Open-File Report 2007–1188
Landslides resulting from earthquakes can cause widespread loss of life and damage to critical infrastructure. The U.S. Geological Survey (USGS) has developed an alarm system, PAGER (Prompt Assessment of Global Earthquakes for Response), that aims to provide timely information to emergency relief organizations on the impact of earthquakes. Landslides are responsible for many of the damaging effects following large earthquakes in mountainous regions, and thus data defining the topographic relief and slope are critical to the PAGER system. A new global topographic dataset was developed to aid in rapidly estimating landslide potential following large earthquakes. We used the remotely-sensed elevation data collected as part of the Shuttle Radar Topography Mission (SRTM) to generate a slope dataset with nearly global coverage. Slopes from the SRTM data, computed at 3-arc-second resolution, were summarized at 30-arc-second resolution, along with statistics developed to describe the distribution of slope within each 30-arc-second pixel. Because there are many small areas lacking SRTM data and the northern limit of the SRTM mission was lat 60ºN., statistical methods referencing other elevation data were used to fill the voids within the dataset and to extrapolate the data north of 60º. The dataset will be used in the PAGER system to rapidly assess the susceptibility of areas to landsliding following large earthquakes.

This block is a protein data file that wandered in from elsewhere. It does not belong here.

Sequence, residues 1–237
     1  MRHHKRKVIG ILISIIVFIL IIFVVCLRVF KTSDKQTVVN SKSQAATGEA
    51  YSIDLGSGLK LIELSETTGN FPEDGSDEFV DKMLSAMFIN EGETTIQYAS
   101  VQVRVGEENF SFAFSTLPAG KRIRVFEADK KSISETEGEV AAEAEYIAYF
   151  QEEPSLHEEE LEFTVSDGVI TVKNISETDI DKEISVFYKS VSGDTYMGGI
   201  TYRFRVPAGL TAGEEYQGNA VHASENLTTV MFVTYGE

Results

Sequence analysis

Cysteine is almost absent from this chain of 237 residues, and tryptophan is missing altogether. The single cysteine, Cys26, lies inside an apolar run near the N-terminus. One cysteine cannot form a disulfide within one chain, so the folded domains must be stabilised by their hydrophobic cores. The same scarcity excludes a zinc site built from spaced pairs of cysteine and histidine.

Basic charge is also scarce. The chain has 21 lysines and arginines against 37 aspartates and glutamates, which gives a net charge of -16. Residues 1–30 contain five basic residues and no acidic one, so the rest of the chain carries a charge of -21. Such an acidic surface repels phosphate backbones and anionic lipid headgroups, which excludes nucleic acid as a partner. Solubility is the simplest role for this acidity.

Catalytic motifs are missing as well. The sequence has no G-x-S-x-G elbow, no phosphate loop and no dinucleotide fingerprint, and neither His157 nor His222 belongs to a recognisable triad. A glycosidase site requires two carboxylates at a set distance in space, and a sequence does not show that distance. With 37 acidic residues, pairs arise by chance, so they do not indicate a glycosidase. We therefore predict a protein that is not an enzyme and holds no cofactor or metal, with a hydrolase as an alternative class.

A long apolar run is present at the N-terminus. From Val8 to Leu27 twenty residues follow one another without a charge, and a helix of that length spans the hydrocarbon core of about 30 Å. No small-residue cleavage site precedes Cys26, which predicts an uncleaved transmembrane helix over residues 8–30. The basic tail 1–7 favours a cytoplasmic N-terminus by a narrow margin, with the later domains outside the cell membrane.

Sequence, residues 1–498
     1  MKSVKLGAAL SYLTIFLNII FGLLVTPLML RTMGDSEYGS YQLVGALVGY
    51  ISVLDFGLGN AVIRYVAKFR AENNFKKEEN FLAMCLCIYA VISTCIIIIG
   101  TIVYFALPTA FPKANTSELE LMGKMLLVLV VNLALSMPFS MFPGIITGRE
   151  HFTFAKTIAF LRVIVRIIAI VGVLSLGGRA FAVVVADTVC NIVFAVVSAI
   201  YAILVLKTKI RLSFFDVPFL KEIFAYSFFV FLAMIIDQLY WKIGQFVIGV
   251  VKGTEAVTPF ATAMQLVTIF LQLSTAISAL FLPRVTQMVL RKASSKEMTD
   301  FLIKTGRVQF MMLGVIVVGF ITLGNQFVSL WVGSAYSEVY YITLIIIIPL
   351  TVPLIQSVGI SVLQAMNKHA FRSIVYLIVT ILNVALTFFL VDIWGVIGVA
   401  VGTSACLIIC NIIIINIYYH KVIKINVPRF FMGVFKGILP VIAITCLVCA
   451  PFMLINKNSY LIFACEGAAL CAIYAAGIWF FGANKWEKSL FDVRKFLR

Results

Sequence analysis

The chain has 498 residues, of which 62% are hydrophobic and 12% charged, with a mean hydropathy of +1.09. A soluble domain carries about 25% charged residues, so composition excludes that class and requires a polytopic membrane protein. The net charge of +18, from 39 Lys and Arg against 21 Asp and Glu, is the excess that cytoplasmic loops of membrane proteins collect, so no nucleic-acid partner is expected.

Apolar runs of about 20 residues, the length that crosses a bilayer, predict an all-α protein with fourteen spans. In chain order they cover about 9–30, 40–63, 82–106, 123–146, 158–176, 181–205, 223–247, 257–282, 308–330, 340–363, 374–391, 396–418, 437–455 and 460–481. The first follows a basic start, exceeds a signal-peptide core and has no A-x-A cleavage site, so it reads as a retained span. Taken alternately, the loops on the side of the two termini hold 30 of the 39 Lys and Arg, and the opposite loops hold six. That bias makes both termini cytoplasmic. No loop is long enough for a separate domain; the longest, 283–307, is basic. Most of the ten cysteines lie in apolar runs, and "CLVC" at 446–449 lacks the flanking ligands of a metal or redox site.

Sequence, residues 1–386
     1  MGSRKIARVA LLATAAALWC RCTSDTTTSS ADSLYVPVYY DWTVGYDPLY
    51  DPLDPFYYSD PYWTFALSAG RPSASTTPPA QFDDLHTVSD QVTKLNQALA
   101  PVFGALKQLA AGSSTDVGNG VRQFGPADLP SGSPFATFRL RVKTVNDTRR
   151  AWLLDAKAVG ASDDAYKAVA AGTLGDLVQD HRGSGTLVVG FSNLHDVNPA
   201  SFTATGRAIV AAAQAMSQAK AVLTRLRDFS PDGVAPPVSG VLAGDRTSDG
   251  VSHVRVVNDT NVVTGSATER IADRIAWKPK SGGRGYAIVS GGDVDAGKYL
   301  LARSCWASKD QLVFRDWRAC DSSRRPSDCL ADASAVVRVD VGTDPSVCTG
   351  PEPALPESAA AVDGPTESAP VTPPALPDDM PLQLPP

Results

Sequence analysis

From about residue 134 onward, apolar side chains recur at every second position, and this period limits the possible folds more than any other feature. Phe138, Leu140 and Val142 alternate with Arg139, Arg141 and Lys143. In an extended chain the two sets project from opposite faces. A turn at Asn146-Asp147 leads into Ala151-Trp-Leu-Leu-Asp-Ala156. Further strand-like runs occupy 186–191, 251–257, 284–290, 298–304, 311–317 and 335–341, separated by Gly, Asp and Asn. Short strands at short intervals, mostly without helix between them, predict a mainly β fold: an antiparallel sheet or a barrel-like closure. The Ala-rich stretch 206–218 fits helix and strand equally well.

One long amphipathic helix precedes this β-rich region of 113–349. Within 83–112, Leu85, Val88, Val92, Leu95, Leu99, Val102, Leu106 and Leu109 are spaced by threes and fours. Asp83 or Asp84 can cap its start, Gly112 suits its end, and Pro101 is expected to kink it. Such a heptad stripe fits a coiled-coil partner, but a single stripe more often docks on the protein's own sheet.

Posted October 2007
Verdin, K.L., Godt, J.W., Funk, C., Pedreros, D., Worstell, B., Verdin, J., 2007, Development of a global slope dataset for estimation of landslide occurrence resulting from earthquakes: Colorado: U.S. Geological Survey, Open-File Report 2007-1188, 25 p.